The first thing you notice here is that everyone in South Carolina is very moist.
I brought a sinus/chest congestion and fever with me from the north that has been keeping me glued to an alternately sweat-soaked and freezing mattress in my friend Neil’s “Crisp Lettuce”-colored spare bedroom when not being driven to and from chilled theaters in his car through what feels like a wall of wet socks. My newly amphibian body reacts to changes in temperature and humidity now like a barometer made of meat.
From these first febrile days and nights (9 performances in 4 days), the somewhat eccentric female characters have made the strongest impressions, as you might expect from any trip to the deep south, the landscape of Tennessee Williams and Truman Capote. Here are five of them.
1. As I wait to collect my bag at the luggage carousel in the Charleston airport, a small girl “dances” for her father, who snaps photos with his phone. Her act looks like an over-rehearsed, hypersexualized travesty of “hot moves” picked up from music videos and reality television competitions. Excruciating. When her father gets bored, she just keeps on going, with all the wrath canned soda can possess, begging everyone to watch her percussive contortions with eyes well-trained in flirting. Finally an elderly woman asks her age. She clams up but holds up 4 fingers. Then the kindly lady asks, “Do you take ballet?” An instructive moment in the divide between high and low culture.
2. In Program I of the Music in Time series (Saturday May 28), pianist Lydia Brown pours her whole body into her instrument to create sounds that might be echoes in a spelunking chamber or caps of waves bitten by wind, spittle bubbling on a scowling shoreline.
Composer John Kennedy explains beforehand that the solo, Naturali Periclitati, explores time, memory, endangered or dwindling natural or cultural resources. This resonates perfectly with my first few hours in town, an opportunity to reflect on the finite and impermanent pool of resources of myself.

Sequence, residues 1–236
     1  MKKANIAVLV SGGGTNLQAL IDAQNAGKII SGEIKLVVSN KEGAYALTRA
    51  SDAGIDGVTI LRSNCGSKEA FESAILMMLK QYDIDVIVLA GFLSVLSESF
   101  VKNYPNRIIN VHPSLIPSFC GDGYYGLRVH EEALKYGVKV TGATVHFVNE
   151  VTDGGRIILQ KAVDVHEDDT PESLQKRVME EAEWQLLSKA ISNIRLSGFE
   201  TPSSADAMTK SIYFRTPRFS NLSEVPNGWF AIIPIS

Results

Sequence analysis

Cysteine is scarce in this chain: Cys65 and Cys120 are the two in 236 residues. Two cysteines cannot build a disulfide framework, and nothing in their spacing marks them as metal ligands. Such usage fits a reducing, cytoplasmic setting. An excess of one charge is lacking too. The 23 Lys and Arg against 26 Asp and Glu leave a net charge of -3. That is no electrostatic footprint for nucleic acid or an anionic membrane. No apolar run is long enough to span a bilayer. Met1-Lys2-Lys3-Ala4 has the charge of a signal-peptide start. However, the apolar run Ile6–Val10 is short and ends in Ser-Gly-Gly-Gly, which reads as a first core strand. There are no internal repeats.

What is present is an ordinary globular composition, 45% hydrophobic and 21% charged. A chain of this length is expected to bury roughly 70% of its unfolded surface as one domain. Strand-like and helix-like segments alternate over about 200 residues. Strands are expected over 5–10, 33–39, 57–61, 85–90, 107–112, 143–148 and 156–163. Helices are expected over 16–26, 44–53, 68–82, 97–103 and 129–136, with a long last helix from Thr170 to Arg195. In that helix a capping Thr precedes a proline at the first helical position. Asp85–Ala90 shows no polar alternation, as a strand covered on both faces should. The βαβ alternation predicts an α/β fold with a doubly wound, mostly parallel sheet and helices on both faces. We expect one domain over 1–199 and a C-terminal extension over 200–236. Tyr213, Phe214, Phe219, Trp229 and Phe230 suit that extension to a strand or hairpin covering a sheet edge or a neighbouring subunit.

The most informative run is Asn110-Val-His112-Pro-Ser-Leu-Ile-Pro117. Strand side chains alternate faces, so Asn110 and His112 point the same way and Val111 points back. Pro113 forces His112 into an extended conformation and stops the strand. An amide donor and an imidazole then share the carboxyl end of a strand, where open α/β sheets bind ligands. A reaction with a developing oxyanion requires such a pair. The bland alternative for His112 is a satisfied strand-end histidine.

But I ask myself, how is a pretty lady in a lace dress at a grand piano in a recital hall offering any solution to our ecologic crisis, other than to add another voice to our common grief? If grief is about the griever, rather than the grieved, is this evocation of loss, however moving, ineffectual?
3. Jane Wilford, the hostess of a wine and cheese reception for the press, opens her home on Legare Street in one of my long-favorite parts of the old city. She generously discusses some of the beautiful old family pieces she and her husband have placed with humor and vitality in the antebellum house with Neil, who is a curator at the Charleston Museum. For instance a pair of brass spittoons on the fireplace mantle in the parlor. Ms Wilford, I lift my champagne flute to you (the floating blackberry is a nice touch). You are everything one could hope for in a truly refined southern hostess, gracious and loquacious, making each guest welcome, no matter how ragtag. Next time I visit, can I skinny-dip in your pool?
4. Sam Sathya, master teacher of Cambodian court dance, is unafraid to state her age (42) in Khmeropedies I & II (Sunday May 29). She embodies the strength and fluidity that saved her traditional form from the Killing Fields. Time stands still in the hyperextended line of her arms, hands, and feet, her specificity of gesture, her innate elegance and sense of humor, like an extended, syncretic reverence.
5. In the Sunday May 29 performance of Corella Ballet, Carmen Corella dominates the stage in Solea, a duet created for her and her brother Angel by Maria Pages. The duet captures each sibling’s natural movement energies. My decongestants are hitting pretty hard and making my head spin, but Carmen looks enormous, filling the stage with a haughty and languid presence like a Flamenco caryatid, while Angel hurtles through her wake, a mad dragonfly.
Still to come: Taylor Mac, Emilie du Chatelet, Kneehigh Theatre, the racism and sexism of The Magic Flute, and more.